Boom Boom Krak-oo! Have Monkeys Demonstrated Syntax?

By Andrew Moseman | December 8, 2009 10:43 am

campbellsmonkey220Birds, whales, monkeys, and other animals constantly demonstrate simple communication through a variety of sounds. But one thing that has always separated them from humans, scientists thought, is that they haven’t achieved syntax—stringing together multiple different sounds to create another meaning, or what we might think of as a sentence. Now, in a study published in yesterday’s Proceedings of the National Academy of Sciences, researchers argue that they have observed monkeys using these rudimentary rules of grammar.

Klaus Zuberbühler and his team previously established the meanings of specific calls among the Campbell’s monkeys in the Tai National Park of the Ivory Coast, like the sound they dubbed “krak,” which by itself means a leopard approaches. This time, however, they documented call combinations. The monkeys can vary the call by adding the suffix “-oo”: “krak-oo” seems to be a general word for predator, but one given in a special context — when monkeys hear but do not see a predator, or when they hear the alarm calls of another species known as the Diana monkey [The New York Times].

The PNAS paper contains many more examples. “Boom boom” means to gather together, the scientists say, but “boom boom” with a few “krak-oos” afterward meant that a tree branch is about to give way, so look out. “Hok hok hok,” they say, is also an alert, but one pertaining to a different manner of death from the skies: crowned eagles.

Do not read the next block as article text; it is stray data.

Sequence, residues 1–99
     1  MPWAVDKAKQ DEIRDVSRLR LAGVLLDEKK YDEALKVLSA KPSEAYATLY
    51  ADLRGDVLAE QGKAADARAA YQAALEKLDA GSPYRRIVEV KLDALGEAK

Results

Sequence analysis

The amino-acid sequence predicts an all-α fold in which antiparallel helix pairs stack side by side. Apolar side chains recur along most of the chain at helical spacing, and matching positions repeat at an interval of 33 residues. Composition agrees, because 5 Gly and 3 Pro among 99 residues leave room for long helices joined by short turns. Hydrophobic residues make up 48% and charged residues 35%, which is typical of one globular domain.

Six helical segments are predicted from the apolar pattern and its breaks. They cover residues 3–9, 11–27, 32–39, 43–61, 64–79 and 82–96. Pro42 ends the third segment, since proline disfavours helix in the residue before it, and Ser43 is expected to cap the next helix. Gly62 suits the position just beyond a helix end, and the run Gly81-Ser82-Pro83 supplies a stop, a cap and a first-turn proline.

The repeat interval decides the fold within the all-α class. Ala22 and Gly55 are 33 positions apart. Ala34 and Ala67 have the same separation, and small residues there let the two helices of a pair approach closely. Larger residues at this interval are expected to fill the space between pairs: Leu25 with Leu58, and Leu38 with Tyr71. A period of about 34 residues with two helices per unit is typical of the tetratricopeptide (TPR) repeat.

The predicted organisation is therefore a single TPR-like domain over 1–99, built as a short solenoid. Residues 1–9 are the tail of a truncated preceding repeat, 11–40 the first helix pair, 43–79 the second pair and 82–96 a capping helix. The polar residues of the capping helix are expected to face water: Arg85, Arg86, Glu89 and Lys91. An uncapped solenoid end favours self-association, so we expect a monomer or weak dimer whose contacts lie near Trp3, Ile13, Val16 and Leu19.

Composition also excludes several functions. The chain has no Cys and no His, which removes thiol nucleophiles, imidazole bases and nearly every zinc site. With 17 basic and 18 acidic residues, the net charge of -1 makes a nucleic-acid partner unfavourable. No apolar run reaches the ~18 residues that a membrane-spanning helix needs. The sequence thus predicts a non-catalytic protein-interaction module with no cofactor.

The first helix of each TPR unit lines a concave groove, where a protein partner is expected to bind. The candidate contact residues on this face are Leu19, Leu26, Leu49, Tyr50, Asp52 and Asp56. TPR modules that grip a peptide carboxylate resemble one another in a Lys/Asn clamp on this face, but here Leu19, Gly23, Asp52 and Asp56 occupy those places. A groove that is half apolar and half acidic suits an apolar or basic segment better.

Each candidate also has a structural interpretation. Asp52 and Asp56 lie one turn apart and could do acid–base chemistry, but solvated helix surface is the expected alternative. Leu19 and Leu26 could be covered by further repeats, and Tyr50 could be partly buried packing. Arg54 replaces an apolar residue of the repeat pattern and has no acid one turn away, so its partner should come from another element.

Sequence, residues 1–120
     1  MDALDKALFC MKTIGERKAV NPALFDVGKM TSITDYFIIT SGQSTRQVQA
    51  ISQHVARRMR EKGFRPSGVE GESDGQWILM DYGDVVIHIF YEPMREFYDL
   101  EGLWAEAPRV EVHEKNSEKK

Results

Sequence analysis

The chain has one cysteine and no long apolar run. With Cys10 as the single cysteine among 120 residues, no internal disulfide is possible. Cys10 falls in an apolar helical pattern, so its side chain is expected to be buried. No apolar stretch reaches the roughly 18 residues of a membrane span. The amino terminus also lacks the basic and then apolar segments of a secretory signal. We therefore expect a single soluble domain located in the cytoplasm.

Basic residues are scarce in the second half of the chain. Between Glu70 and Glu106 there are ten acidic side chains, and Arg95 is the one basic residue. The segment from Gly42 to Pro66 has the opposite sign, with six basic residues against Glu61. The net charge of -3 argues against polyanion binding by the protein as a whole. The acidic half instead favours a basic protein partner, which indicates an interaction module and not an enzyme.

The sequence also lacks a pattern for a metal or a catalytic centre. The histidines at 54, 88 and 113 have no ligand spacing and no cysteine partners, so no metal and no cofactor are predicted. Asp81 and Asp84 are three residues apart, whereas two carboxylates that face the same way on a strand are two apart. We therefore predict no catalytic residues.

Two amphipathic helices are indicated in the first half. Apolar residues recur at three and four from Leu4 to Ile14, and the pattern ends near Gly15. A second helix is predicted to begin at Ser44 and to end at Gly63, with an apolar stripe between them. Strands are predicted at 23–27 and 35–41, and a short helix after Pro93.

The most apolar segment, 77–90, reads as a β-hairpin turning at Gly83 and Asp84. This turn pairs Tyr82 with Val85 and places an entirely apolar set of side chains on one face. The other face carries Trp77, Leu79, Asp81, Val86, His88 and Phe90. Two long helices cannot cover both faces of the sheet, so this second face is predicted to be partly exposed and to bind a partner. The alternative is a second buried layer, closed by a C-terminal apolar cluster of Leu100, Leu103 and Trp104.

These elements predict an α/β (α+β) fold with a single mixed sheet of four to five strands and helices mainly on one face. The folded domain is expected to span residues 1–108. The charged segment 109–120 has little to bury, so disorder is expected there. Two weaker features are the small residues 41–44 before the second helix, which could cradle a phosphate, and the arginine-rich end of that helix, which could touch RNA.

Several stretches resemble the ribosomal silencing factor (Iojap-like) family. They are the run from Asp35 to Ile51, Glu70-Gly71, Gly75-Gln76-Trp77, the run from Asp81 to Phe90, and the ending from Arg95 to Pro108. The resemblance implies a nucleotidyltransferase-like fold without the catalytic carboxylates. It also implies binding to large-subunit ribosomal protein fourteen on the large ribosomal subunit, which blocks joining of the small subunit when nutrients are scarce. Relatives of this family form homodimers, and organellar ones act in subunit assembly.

These combinations could be the first demonstration of monkey syntax, researcher Alban Lemasson says. “People have criticized the use of ’syntax’ to describe animals just because they produce sequences of sound. They say that each unit has no meaning, that no rules explain how they’re combined,” said Lemasson. “Here we have rules of combination” [Wired.com].

In humanity’s efforts to teach language to primates, researchers had been unable to see such a syntactic ability in them. Perhaps, however, we were trying to teach them our way of communicating rather than trying to find theirs. Jared Taglialatela, a specialist in chimp communication, said that Zuberbühler’s study certainly shows primate syntax, but that we shouldn’t go too far in thinking the monkeys are developing a language like ours. “People like to draw lines and make boxes and put animals inside them. I don’t like to do that. There are differences and shades of grey. And when you take the time to collect data in a way that allows you to recognize complexity and patterns, than you find evidence of them” [Wired.com].

Related Content:
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DISCOVER: The Battle For #2 in Primate IQ

Image: Florian Moellers

CATEGORIZED UNDER: Living World
  • http://clubneko.net Nick

    “Jared Taglialatela, a specialist in chimp communication, said that Zuberbühler’s study certainly shows primate syntax, but that we shouldn’t go too far in thinking the monkeys are developing a language like ours.”

    It’s sad to see such anthropocentrically bigoted attitudes in our scientists and researchers. It’s a holdover from our pre-rationality days when we thought that “God” created everything that existed, in it’s current state of existence. We now know that this is not true – though it is still a pretty story – but the fact is these animals have the exact same amount of DNA legacy we do – just slightly different, but they evolved from the same RNA/DNA that spawned all life, and have had just as much evolutionary time as we have had. We lucked out with our opposable thumb and cognitive mutations that allowed us to rapidly advance from “ook ook ook” to quantum mechanics, and there is no reason to expect that this wont be showing up in any, or eventually every, other animal, given enough time.